IGN-01, Distributor Cap and Rotor Replacement


Acrobat Printable Version

Introduction

Removing and installing the distributor cap on a 944 can be extremely frustrating. Why? Probably because it seems like such a simple job and often isn't. Once you realize exactly how the distributor cap is attached and employ a simple tip, the job becomes a lot easier.

Tools

*The Porsche Manual has you make a distributor cap tool by bending a flat tip screwdriver into a 90 angle. This allows you to access the bottom locking screw on the distributor cap. I've always had better success with a long thin blade flat tip screwdriver. It must be inserted at angle with the blade resting against the lip of the nose panel (use a towel to protect the paint). However, it allows you more leverage when pushing the locking screw in against its spring pressure. The best screwdriver I've found for this is a Snap-On SDD1416. It has a 16 inch blade with a .028 x 7/32" tip. This screwdriver is also great for hard to reach hose clamps. The MATCO equivalent is an SCM818P2. I have not been able to find a Craftsman equivalent.

Procedure

The 944 distributor cap is held in place by 90 locking screws. The 90 tip on the screws lock into raised tabs on the inside of the front distributor housing cover. Here's the problem. The elongated openings in the housing cover are offset to one side. That means that both tips on the screws must be pointed in the same direction to clear the openings.

The second problem is with the locking tabs. The tabs are shaped like a "U" . The locking screws are pushed in an turned until they come to rest in the bend of the "U". However, one leg of the "U" is longer than the other to act as a mechanical stop. This means that the screw can only be turned in one direction to unlock and can only be inserted into the locking tabs when the screw is turned in the opposite direction. Now that you're thoroughly confused, I'll try and simplify it.

Removing the Distributor Cap

  1. Using paint or fingernail polish, mark the bottom half of the top locking screw and the top half of the bottom screw.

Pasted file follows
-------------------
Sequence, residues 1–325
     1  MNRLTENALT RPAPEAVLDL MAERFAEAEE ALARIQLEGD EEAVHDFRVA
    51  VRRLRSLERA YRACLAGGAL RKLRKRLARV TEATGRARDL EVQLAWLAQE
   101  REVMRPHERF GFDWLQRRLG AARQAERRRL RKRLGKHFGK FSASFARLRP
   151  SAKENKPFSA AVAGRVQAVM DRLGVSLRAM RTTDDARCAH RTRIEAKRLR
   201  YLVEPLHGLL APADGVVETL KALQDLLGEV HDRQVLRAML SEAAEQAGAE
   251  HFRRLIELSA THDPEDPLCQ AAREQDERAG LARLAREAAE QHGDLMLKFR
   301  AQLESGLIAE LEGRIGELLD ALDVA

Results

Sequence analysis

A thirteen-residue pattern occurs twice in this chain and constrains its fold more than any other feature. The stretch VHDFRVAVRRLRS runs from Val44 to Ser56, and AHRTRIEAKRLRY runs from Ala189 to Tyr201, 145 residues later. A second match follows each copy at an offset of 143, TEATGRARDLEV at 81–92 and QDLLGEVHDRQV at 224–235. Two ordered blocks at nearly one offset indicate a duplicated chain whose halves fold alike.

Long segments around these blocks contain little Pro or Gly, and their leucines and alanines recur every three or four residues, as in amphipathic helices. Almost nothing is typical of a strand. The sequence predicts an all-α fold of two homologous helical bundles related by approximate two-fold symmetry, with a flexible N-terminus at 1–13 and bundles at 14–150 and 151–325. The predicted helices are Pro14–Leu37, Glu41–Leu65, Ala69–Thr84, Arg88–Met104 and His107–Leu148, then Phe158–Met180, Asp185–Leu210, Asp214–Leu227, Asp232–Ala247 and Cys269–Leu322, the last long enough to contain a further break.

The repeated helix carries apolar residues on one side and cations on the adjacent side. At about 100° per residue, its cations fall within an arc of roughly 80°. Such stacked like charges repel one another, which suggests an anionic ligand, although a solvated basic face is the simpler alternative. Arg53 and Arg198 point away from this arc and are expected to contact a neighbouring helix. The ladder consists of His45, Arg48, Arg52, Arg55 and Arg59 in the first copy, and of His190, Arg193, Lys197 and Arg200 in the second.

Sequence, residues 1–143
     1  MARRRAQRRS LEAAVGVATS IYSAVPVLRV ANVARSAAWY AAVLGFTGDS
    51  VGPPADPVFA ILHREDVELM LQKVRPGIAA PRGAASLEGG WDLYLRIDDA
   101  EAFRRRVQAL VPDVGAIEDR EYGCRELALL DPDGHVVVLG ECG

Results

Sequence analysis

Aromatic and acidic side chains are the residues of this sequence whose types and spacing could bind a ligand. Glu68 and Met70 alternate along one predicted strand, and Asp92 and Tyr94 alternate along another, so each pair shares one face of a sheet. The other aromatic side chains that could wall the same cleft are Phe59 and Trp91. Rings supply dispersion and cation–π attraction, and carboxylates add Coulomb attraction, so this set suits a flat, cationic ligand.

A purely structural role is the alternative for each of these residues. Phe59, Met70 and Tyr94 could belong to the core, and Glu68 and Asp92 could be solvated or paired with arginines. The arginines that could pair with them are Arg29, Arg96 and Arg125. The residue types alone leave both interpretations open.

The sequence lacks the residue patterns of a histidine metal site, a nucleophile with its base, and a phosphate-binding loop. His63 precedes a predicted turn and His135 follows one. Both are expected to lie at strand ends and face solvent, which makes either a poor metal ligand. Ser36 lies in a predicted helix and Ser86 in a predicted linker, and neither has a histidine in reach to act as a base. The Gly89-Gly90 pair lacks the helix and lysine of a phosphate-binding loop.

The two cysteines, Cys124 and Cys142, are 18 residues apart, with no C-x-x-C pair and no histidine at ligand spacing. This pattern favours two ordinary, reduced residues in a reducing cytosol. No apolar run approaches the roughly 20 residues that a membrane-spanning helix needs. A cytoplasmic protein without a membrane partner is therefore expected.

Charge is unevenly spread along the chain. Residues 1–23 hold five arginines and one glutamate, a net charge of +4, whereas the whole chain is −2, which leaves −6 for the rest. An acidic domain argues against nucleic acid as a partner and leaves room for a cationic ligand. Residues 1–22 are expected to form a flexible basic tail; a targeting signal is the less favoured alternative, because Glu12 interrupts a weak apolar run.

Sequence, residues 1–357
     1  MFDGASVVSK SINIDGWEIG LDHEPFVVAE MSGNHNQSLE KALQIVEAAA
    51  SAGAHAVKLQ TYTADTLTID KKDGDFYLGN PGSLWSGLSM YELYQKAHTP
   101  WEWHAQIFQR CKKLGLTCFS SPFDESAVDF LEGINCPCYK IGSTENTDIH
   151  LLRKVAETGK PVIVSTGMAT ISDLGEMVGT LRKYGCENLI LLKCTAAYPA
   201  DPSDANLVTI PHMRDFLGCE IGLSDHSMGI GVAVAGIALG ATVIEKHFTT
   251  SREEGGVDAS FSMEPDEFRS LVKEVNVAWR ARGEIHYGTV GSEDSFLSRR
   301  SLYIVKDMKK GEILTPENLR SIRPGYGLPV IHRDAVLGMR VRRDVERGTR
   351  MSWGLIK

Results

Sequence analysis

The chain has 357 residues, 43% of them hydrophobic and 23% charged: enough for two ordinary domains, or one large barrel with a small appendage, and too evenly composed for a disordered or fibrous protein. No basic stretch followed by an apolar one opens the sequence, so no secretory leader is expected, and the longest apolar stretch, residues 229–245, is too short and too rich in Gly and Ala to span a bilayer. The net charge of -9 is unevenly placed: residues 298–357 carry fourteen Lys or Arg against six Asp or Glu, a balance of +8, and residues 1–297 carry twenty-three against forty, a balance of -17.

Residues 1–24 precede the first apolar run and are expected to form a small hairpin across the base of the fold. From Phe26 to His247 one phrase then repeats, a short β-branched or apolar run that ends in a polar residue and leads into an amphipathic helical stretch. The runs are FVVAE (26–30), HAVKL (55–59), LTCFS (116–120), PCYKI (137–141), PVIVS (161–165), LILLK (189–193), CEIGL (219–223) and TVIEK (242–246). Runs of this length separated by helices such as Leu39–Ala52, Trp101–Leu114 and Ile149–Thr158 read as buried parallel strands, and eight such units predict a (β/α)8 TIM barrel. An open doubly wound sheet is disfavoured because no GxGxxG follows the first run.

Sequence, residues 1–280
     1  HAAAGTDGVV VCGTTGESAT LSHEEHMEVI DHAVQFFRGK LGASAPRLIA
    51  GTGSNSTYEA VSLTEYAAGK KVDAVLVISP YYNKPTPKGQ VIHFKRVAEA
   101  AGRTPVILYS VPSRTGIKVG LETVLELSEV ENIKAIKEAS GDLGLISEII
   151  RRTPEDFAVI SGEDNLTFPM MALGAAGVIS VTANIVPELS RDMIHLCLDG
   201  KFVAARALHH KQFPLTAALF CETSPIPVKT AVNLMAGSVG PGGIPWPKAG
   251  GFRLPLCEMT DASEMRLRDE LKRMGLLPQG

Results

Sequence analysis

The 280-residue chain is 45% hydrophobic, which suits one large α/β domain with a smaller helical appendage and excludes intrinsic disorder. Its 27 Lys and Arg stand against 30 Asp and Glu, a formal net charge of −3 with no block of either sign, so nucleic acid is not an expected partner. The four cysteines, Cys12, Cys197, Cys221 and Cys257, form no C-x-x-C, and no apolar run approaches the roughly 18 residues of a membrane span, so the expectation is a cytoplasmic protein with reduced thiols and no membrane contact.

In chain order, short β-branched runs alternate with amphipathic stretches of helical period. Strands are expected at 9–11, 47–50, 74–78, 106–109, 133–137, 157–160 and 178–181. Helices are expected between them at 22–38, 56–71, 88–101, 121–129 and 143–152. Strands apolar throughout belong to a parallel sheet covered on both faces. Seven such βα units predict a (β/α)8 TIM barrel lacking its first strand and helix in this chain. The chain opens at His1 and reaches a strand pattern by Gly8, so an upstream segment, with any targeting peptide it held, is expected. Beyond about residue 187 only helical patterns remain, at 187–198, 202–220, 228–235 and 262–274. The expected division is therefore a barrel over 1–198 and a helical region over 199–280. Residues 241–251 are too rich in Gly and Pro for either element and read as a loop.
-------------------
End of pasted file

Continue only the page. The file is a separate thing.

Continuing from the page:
2. Using a flat tip screwdriver, push in on the bottom locking screw and turn in the clockwise direction 270. When you're done, the painted half of the screw head will be pointed to the exhaust manifold side of the car.
  3. Then push in the top locking screw and turn in the clockwise direction 90. Again, the painted half of the screw head will be pointed toward the exhaust manifold side of the car.
  4. The cap should slide off easily.

Installing the Distributor Cap

  1. Holding the distributor cap in the orientation that it is normally installed (i.e. one locking screw on top, one on bottom).
  2. Turn the screws until the 90 tips are pointed to the left (looking at the front of the cap).
  3. Using paint or fingernail polish, paint the left half of the screw head (side closest to the tip of the screw).
  4. Install the distributor cap. The screw tips should slide easily into the elongated holes in the housing with the cap centered over the rotor.
  5. Using a flat tip screwdriver, turn the bottom locking screw 270 counter-clockwise. The painted half of the screw head will be point up or toward the center of the cap.
  6. Turn the top locking screw 90 counter-clockwise. The painted half of the screw will be pointed down or toward the center of the cap.
  7. Connect the spark plug wires to the distributor cap.

Removing the Rotor

  1. To remove the rotor, you'll need a 1/8" or 3 mm hex key. Try the 1/8" first and if that's too big, next try the 3 mm. If it's the original screw and you try the 3 mm first, you'll likely strip the head on the screw. The original screws are slightly larger than 3 mm and they are loctited from the factory. I can't begin to tell you how many of those I've seen stripped using a 3 mm hex key. Anyway, if the 1/8" doesn't fit and the 3 mm does, it's probably been replaced in the past (because it was stripped).
  2. Once you've removed the retaining screw, the rotor may be extremely difficult to remove. It sometimes bonds itself to extension on the end of the camshaft. Try twisting it off. However, be aware that you may have to break the rotor to get it off. The rotor material is made of Bakelite and is very brittle. The rotor has a metal sleeve inside which can be twisted off the end of the camshaft extension with a pair of channel lock pliers if you break the rotor.
Installing the Rotor

  1. Slide the rotor onto the end of the camshaft extension.
  2. Insert the Allen head retaining screw into the rotor and tighten (1/8" or 3 mm hex key). Be careful not to drop the screw into the distributor housing cover while installing.

Clark's Garage 1998